Last week I was in Bogra which is in the North of Bangladesh, about 190 km from Dhaka. It usually takes about 5 hours but we left at 6am and the trafic was so heavy that we didn’t arrive until 2pm. I am so glad I sleep like a baby in the car (it helps to pass time and to avoid freaking out every 20 seconds because of the crazy way people drive here!)

Bogra is where Grameen Danone’s factory is located. It is also where the project started with the Shokti Ladies selling yogurts door to door in remote villages.

The purpose of the visit was to meet the local team and also learn about the production process. I’ve been hearing about this place for years so you can imagine how excited I was.

Luckily Nicoline came with me. She is Dutch but has been working for Danone in the UK. She’s in Dhaka for 2 weeks to discover the business and meet the team and then she will be coaching/mentoring the marketing director on a regular basis from London. (Mentoring/Coaching programs are another way for Danone employees to contribute to Danone Communities Social Businesses.)

Anyway, we woke up early on the next day for our first visit : milk collection.
This is a place where farmers bring their milk every morning and evening and where the milk’s density and temperature is checked.
(Farmers usually have 3 to 8 cows each and a local cow gives 3 to 4 liters a day. )


Twice a day the milk collected is brought to a chilling center.
(Farmers close to the chilling center can bring their milk to this place directly). Here the milk is tested again and if it passes quality control it is poured into a big tank and chilled to about 2-4 degrees celcius.


From here the milk is taken to the factory and made into yogurts (plain – vanilla – mango – strawberry). There is one production line.


After a 48 hours quarantine wait, the yogurts are either sent to the Warehouse near Dhaka (by a refrigerated truck) or distributed around Bogra.

In the small rural village, Shokti ladies carry and sale the yogurts in an ice chest. They sell about 50 to 100 yogurts a day but do not work everyday as they sometimes need to help in the fields or with other labor.


We walked around with one woman for awhile. Little by little it seemed like the whole village was gathering and walking with us.


It was such an amazing experience to walk through these tiny villages, getting a peak at what their everyday must be like. Smiling back at the children and giggling with the women although it was hard to communicate. (But for example, the fact that our ears were pierced but that Nicoline wasn’t wearing earnings made them crack up.)


These areas are definitely poor but everyone seemed so happy and loving and peaceful. In that moment I envied the simplicity of their lives… (And I am not implying that their life is easy at all!)


It was a lovely day 🙂




11 thoughts on “Bogra

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  1. In future if you want to change jobs, you could be a photo journalist. Amazing photos, telling us a story.


  2. What an interesting blog…so informative…love the photos…you take great photos…just like your mom… you captured the moment…I understand what you are saying about their life style…and I agree… also they look so happy and content.,,and so clean….they may be poor but they are clean..nice hair cuts etc. How much do they have to pay for one yogurt? What an education and opportunity you have for these 3 months. Thanks for sharing with us…is your company related to the Dannon yogurt in the USA?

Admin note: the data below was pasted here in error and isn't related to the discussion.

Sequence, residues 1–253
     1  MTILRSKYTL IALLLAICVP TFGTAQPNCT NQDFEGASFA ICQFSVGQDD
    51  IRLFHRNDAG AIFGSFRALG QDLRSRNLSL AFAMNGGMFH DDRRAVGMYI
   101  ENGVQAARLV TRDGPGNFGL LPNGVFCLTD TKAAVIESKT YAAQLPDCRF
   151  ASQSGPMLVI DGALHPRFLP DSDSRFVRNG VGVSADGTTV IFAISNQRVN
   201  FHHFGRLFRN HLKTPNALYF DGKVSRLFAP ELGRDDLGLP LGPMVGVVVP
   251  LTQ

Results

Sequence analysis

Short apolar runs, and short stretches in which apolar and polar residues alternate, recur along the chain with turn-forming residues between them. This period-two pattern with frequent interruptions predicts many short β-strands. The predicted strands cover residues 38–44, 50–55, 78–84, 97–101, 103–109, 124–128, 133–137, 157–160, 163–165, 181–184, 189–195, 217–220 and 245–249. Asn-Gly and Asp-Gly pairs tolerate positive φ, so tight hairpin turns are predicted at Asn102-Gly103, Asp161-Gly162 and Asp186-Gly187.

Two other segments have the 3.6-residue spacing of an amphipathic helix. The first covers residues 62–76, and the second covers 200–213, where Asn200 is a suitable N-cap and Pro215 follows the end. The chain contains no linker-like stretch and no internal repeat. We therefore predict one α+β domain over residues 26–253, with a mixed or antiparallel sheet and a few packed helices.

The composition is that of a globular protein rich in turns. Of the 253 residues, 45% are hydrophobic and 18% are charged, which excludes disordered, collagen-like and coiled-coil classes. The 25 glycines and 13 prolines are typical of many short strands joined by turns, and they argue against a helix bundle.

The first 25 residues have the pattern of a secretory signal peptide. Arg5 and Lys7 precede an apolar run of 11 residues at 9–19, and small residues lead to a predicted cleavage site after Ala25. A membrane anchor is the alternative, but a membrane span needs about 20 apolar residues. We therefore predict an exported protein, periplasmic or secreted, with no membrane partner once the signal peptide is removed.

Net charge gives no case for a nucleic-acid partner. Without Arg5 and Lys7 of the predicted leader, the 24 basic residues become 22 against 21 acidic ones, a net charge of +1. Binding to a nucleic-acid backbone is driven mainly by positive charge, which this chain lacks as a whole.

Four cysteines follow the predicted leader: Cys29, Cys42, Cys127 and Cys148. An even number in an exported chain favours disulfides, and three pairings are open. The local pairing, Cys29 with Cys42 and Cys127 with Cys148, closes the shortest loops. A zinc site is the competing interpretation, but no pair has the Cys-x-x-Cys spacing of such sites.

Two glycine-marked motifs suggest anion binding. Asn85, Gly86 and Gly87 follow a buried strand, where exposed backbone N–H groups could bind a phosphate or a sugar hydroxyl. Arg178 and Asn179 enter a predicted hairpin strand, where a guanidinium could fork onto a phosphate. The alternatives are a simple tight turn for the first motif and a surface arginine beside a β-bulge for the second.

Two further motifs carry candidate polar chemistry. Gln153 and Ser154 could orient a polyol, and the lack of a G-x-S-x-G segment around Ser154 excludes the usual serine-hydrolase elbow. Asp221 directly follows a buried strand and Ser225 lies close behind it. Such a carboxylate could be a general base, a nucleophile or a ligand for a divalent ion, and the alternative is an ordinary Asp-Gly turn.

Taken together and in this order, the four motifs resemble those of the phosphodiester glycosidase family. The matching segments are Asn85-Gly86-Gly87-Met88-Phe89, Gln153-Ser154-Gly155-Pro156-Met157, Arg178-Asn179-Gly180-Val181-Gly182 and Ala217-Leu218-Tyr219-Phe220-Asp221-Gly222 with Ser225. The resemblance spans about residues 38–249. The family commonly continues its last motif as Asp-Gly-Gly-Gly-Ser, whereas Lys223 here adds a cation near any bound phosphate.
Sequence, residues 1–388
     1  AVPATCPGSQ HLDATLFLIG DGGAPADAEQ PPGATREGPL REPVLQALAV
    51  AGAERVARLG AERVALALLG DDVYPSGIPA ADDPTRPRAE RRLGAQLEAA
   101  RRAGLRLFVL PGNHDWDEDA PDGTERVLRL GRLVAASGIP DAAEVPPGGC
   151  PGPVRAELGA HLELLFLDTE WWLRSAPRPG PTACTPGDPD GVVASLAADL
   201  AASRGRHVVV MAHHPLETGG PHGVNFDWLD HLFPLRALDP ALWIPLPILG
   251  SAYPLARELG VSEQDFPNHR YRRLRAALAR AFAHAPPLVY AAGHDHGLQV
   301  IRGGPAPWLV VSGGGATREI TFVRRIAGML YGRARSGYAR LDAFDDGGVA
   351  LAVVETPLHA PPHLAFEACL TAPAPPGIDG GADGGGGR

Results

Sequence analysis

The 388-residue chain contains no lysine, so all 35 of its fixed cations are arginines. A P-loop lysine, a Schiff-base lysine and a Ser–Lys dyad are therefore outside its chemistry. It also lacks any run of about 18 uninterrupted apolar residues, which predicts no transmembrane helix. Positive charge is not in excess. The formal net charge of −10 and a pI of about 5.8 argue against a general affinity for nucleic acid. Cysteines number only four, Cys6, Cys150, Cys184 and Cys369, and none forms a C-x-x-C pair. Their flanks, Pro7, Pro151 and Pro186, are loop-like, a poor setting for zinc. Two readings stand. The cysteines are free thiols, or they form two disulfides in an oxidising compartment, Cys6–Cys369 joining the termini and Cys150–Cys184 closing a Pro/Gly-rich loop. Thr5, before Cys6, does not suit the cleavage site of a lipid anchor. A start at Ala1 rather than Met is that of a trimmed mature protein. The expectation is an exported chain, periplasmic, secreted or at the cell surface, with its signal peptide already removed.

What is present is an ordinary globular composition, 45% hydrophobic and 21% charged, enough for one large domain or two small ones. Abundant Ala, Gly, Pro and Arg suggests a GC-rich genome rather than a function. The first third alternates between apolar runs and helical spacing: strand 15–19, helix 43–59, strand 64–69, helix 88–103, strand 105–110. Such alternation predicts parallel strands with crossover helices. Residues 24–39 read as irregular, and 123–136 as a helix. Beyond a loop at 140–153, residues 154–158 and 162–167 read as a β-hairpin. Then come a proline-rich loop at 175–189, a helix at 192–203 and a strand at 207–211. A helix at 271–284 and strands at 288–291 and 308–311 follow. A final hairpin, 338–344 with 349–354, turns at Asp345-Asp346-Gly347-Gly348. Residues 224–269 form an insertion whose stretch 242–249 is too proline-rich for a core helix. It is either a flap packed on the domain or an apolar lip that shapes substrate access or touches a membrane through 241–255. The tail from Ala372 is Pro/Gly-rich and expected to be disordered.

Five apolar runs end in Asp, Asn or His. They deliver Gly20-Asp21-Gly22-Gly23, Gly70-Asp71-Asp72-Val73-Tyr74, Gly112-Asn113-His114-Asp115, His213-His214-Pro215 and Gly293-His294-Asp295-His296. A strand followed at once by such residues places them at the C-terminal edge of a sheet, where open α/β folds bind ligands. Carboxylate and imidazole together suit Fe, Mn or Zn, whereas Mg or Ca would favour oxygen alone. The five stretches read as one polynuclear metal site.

3. You sound like your mama- sleeping in a car so easily bet she gets a laugh out of that !!! Thanks for this post explaining & showing us this fascinating process!


  4. Et le lait qui ne passe pas le contrôle qualité , il en font quoi ? LEs producteurs sont quand même payé ?


    1. Et le lait qui ne passe pas le contrôle qualité ils en font quoi ? Les producteurs sont quand même payés ?


      1. Qd le lait est testé une première fois (en présence des producteurs), s’il ne passe pas (pour cause de présence d’alcool, de sucre..) il leur ai rendu. Mais c’est très rare que ça arrive car ils savent que le lait est vérifié.
        Qd il est testé une deuxième fois, au centre de refroidissement, c’est de notre responsabilité et s’il ne passe pas on doit le jeter (heureusement ici ça reste des petites quantités).

        Le lait est toujours acheté aux producteurs même si on en a pas besoin. Le prix varie de qq centimes en fonction de la densité du lait (ce qui est plus stable que le taux de protéines). Et ils ont une prime de “fidélité” aussi.

        La société leurs met à disposition un vétérinaire pour les aider à comprendre l’impact de l’alimentation des vaches sur la qualité du lait et pour les accompagner au fil du temps.


  5. thanks for sharing your amazing experience chelsea….the village and people look lovely …what an amazing job you have seeing the journey of a product you sell in france!


    1. Hi Andrea,
      Yes such an amazing experience.
      The products made in Bogra are only sold in Bangladesh though as they are made specifically by the Grameen Danone joint venture to help reduce malnutrition in the country. They are very fresh and have a short shelf life (the have to be eaten within 25 days after production).

      Yogurts sold in France are mainly produced in one of Danone’s 5 French factories. Just like the Dannon yogurt is made and sold in the US. The production in those countries, done at a much bigger scale, is also fascinating.


  6. The people you show, even the cows, are beautiful…and your photographs have caught that beauty (of the faces, young and old, human and bovine, and the clothing). Merci, Chelsea!


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